Date of Award


Degree Type


Degree Name

Doctor of Philosophy (PhD)


Medical Sciences


Dr. Colin E. Webber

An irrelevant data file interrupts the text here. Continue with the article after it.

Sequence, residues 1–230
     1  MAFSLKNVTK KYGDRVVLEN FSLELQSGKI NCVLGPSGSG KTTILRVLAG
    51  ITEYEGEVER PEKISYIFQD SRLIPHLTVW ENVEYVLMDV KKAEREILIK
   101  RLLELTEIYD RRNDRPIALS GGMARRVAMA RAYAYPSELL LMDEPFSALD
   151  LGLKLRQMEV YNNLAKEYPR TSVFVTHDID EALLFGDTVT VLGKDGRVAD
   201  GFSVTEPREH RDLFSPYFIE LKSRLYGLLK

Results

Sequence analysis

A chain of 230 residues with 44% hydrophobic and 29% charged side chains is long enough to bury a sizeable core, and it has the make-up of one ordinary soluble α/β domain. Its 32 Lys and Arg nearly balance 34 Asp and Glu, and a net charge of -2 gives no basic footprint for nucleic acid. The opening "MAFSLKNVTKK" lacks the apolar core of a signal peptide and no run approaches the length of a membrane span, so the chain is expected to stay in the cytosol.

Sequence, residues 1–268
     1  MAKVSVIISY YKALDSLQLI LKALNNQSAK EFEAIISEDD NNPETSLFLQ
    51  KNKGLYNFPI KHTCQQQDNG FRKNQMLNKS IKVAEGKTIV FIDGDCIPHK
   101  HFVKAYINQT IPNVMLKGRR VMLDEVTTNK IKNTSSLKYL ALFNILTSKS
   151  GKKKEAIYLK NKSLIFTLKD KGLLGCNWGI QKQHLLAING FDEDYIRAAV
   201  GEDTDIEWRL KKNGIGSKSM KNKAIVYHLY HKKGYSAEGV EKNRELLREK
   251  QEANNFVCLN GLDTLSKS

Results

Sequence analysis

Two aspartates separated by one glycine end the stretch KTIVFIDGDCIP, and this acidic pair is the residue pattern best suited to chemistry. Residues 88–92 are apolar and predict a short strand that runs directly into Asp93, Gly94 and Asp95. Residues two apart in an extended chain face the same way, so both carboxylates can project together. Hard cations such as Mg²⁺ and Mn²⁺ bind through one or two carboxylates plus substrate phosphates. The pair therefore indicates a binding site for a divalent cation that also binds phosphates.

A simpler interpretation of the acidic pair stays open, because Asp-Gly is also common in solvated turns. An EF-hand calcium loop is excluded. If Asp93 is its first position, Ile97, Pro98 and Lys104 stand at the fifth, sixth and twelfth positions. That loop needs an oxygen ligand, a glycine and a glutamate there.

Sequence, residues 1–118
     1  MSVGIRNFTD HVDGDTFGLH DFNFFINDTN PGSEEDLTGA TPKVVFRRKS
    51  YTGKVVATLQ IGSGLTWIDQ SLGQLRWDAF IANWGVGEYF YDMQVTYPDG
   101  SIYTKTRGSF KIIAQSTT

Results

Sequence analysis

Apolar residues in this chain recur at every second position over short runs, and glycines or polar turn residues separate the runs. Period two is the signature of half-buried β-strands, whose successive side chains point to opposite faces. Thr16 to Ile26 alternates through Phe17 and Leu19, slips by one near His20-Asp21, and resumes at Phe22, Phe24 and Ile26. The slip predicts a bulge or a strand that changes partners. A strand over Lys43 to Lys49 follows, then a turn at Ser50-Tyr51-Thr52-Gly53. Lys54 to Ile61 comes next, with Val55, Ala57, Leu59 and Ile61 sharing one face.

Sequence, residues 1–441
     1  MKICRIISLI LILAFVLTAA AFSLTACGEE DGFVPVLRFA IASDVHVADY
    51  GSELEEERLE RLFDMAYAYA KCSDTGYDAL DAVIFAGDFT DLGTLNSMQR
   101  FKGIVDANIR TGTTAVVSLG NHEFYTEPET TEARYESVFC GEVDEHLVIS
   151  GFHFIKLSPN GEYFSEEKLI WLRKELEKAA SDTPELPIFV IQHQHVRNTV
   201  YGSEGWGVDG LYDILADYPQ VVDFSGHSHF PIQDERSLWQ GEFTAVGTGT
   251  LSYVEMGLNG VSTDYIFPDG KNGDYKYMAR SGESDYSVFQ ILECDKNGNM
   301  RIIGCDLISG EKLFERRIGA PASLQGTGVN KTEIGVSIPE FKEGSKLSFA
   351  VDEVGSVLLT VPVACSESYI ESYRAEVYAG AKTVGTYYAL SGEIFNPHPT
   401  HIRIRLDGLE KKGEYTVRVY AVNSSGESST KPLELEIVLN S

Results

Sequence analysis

This work encompasses two primary studies utilizing peripheral quantitative computed tomography (PQCT) in the assessment of bone characteristics at the distal radius. PQCT enables separate analyses of cortical, trabecular and total bone density, content and geometry. Further analysis of the pQCT image with specialized software permits in vivo trabecular structure assessment. The first study is a two-year prospective trial evaluating the effects of five different medication regimens (hormone replacement therapy (HRT), etidronate , alendronate, etidronate plus HRT and alendronate plus HRT) used for the treatment of osteoporosis in 123 postmenopausal women with low bone mass. Results of analyses on baseline data found that trabecular structure indices could significantly discriminate between osteoporotic and osteopenic groups of women. Longitudinal data at the lumbar spine (LS) and femoral neck (FN) for women taking any medication ('Any-Tx') showed similar results to those of large clinical trials. For example, the 'Any-Tx' group gained significant bone mineral density (BMD) over baseline at 2 years at the LS (5.5%, p<0.001) and FN (1.6%, p<0.05). Women on combination therapy gained significantly more BMD than women taking one medication over 2 years at the LS and FN. Data suggests that alendronate plus HRT may produce the largest BMD gains at the LS and FN at 2 years. Longitudinal pQCT data for total, cortical and trabecular compartments at the distal radius in the control group over the 2 years suggest endocortical resorption and trabecular thinning with age. PQCT data in the 'Any-Tx' group show gains in total and cortical bone density and cortical content, but losses in trabecular density, content and area. This suggests that anti-resorptive medications promote endocoritcal apposition and reduce intracortical porosity. The second study evaluated five different clinical measurement tools in the prediction of in vitro failure load at the distal radius and found that cortical content measured by pQCT was a significantly better predictor than ultrasound or digital x-ray radiogrammetry.

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